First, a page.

It’s late. She’s standing on a curb at the gas station, waiting. She’s wiry. Her neck is gaunt. She’s having a smoke.
When she finishes her cigarette, she touches the ember to a fresh one.
I’m filling my truck. It’s cold outside. She’s bundled. Whenever a gust blows, she pulls her jacket tight.
The weatherman is calling for snow.
I break the ice. “Cold, isn’t it?” I say.
She makes a familiar remark about a witch wearing a brass bra, and I love her.
She looks old, but is younger than she looks. She clocked off work an hour ago. Her daughter was supposed pick her up, but there’s a problem.
“Our car don’t work so good,” she says. “My girl’s gotta call her boyfriend and borrow his car.”
So she waits.
I wait with her for a few minutes. She’s cold and alone; I need something to write about.
So meet Karen. She raised her daughter on her own. It’s always been just the two of them. They’re best friends.
Her daughter is an honor student. A senior. The girl has been looking for colleges all over the U.S. She has scholarship opportunities.
There is sadness in Karen’s voice.
“All them colleges she’s looking at,” she goes on, “they’re outta state. That kid’s been my whole life for eighteen years. I can’t bear the thought.”
I offer her a ride. She refuses. I insist. She only laughs. Laughing leads to coughing. Coughing leads to hacking. Smoking hasn’t been kind.
Her daughter has taken a few road trips with her boyfriend to visit universities. One trip took them to Philadelphia.
“Fifteen hours away,” she says. “Might as well be Mars. Every time she leaves to visit a college, I see what it’s like without her. God, it’s so quiet. Don’t know if I’m strong enough.”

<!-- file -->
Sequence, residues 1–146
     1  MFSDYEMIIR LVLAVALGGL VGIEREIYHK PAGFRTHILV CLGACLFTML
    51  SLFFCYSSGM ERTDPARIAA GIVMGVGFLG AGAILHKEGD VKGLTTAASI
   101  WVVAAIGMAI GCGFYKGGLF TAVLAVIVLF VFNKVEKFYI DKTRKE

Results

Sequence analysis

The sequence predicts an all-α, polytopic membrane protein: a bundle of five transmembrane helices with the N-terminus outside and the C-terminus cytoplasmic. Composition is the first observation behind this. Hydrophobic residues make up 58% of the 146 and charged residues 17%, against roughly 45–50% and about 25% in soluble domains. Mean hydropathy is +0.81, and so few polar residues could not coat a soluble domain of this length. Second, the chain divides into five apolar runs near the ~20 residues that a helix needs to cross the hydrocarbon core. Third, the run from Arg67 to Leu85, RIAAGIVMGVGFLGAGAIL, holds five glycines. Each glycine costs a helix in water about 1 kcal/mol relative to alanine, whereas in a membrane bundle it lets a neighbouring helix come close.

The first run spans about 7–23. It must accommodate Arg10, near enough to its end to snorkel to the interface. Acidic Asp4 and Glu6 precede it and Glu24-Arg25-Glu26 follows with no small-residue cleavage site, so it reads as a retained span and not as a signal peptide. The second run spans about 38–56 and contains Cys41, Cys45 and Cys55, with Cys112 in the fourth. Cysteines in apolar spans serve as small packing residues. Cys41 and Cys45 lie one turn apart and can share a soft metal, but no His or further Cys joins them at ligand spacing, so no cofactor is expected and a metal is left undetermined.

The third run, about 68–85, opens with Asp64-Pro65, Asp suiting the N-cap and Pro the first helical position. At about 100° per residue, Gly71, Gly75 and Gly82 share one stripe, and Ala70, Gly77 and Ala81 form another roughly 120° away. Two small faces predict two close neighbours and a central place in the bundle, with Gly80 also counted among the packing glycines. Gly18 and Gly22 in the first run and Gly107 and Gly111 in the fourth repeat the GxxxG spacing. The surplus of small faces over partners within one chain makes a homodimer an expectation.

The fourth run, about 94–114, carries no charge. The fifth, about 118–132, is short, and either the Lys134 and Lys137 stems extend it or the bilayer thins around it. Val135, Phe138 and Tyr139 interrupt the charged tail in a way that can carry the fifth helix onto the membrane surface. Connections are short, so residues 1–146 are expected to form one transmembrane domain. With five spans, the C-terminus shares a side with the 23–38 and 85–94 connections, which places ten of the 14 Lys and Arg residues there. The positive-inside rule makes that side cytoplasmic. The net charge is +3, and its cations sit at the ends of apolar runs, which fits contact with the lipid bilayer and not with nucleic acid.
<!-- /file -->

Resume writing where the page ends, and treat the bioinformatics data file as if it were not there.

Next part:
Strength. This woman has plenty.
Her husband died of a heart attack when he was thirty-six. She was only twenty-nine. She raised her child, living on minimum wage, long hours, and too many cigarettes.
Her whole life has been for that honor student. That’s what makes women like her tick. Family.
Women like her would give it all for those they love, and do.
They make fried eggs at midnight because that’s your favorite. They’ll exhaust their own coin purse to buy the three-hundred-dollar guitar you always wanted. They’ll pray for you until their knees are skinned. They’re mothers.
“I pray she picks a college that’s close,” she says. “Don’t think I’ll make it if she leaves.”
More laughing. More coughing. The laugh isn’t real. The cough is.
“Ah, but I’m proud of her,” she goes on. “She’s so smart it ain’t even funny. Not at all like her mama. I’m just so proud.”
A vehicle rolls up while we’re talking. A Dodge Durango with dents. A girl jumps out. They hug.
“I’m sorry, mom,” the girl says.
Mama steps on her cigarette. She pets the girl’s blonde hair. She kisses her forehead. She says, “It wasn’t so bad, sweetie. Besides, I made a friend while I waited.”
Friend. I’m honored.
She crawls into the passenger seat. They drive away. She waves at me through the window. There goes one incredible woman. I’m lucky to have met her.
The weatherman is predicting snow tonight. And I’ve got four hours of driving ahead of me.
Dear Lord, I know you’re busy. But if you’re listening to me…
Let that child pick a college close to home.